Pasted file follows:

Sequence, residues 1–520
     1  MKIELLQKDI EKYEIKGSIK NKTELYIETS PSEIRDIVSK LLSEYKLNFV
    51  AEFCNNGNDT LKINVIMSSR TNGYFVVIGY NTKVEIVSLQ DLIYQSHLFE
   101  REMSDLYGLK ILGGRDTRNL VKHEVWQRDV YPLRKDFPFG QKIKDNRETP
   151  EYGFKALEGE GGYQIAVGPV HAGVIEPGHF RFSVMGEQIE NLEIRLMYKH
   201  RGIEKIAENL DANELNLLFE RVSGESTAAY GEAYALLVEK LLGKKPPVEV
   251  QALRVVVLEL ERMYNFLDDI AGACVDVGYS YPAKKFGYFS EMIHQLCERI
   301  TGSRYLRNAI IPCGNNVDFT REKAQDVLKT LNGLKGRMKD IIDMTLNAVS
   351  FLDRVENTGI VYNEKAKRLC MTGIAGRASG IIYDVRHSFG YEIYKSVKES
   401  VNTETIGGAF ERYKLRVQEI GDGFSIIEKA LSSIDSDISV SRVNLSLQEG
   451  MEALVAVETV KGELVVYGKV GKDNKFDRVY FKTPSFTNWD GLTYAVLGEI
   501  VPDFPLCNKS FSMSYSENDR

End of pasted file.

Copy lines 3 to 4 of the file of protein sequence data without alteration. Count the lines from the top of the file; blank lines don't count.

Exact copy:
    51  AEFCNNGNDT LKINVIMSSR TNGYFVVIGY NTKVEIVSLQ DLIYQSHLFE
   101  REMSDLYGLK ILGGRDTRNL VKHEVWQRDV YPLRKDFPFG QKIKDNRETP